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Is backpacking a social phenomenon?

  • MADMAC

    Joined Travelfish
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    Posts: 6220
    Total reviews: 10

    I always thought of backpacking as a descriptive for traveling around with a pack on your back and trying to do so cheaply. But the more I read here on travelfish, the more I am getting the idea that for at least a lot of people they see it as a style of socializing. A recent post that talked about "acceptance" with other backpackers and the often brought up theme of finding other backpackers to socialize with made me wonder if most people don't regard backpackers as a unique tourist subset that they are interested in socializing with - indeed that they prefer to socialize with. And that part of the reason they are coming to SEA is to socialize with other backpackers. Is this an accurrate interpretation?

    #1 Posted: 4/8/2013 - 23:19

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  • TimmyG

    Joined Travelfish
    11th March, 2013
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    I can't speak for other backpackers, but my reason to backpack for half a year (starting in september and it will be my first time) is a combination of factors. First i am very interested in the nature and culture of SEA. I live in The Netherlands and I think it will be completely different from anything I've ever seen and experienced in Europe. The other factor is the experience itself. For 6 months I will be on my own, without any obligations. When I feel like relaxing on a beach, I can stay on the beach.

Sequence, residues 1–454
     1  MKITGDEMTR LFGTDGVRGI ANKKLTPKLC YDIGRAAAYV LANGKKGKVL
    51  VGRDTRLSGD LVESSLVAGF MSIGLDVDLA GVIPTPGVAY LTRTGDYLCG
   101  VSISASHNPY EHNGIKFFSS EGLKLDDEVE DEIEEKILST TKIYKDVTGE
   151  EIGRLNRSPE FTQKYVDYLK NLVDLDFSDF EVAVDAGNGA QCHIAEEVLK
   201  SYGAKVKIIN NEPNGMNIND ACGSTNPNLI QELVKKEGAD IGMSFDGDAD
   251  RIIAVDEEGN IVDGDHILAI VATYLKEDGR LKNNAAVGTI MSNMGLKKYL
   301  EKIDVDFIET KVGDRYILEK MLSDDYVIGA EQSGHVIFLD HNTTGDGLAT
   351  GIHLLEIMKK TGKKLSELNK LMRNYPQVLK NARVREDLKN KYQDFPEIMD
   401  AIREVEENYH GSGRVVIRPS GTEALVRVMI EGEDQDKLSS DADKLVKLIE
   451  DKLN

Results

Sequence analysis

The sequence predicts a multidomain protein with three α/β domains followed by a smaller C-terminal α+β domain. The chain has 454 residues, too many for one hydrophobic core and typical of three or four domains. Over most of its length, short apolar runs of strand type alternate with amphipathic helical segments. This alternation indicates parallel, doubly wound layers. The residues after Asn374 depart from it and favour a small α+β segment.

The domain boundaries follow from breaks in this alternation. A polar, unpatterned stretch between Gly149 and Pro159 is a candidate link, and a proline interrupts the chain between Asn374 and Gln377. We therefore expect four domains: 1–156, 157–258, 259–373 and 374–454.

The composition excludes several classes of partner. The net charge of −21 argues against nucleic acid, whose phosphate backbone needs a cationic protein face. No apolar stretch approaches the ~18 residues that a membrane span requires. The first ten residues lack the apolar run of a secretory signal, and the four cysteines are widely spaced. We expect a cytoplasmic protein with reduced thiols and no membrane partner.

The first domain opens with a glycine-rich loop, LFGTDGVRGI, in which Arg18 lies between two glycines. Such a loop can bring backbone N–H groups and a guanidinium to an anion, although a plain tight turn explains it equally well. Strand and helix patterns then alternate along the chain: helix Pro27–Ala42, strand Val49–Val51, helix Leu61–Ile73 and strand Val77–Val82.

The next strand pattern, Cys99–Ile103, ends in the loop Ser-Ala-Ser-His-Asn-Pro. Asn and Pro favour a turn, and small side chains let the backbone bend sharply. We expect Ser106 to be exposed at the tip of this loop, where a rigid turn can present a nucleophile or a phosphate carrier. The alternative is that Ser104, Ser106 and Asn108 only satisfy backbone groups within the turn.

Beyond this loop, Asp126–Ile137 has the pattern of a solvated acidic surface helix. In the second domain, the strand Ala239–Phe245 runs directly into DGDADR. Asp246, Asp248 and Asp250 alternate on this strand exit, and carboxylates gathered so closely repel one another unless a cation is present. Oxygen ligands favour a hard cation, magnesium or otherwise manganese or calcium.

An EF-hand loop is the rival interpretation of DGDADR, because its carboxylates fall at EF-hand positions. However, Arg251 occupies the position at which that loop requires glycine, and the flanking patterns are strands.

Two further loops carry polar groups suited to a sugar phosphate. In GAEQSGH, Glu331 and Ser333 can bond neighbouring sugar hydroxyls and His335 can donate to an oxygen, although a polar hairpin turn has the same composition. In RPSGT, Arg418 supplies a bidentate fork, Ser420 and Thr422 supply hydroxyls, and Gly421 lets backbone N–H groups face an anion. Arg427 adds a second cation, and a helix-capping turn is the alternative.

A few months ago I started planning this trip. The more I read about backpacking I realized that socializing is an important factor for traveling. As I will be on my own, I will meet other travelers and share experiences. I think it is important to do so or it will be a lonesome time. However, meeting other backpackers is not the reason for my trip. I do this trip purely for myself, to learn things about myself I probably didn't know before. Maybe I will learn that I need to have other backpackers around me, or the other way around.

    Maybe your interpretation is right for other backpackers. From what I've read, there are indeed backpackers who travel for the partyscene. I think these are the people who travel to socialize. I think they go to SEA without realizing the real differences between SEA and their homecountry. For them, the weather is good, the beer is cheap and there are lots of fellow backpackers.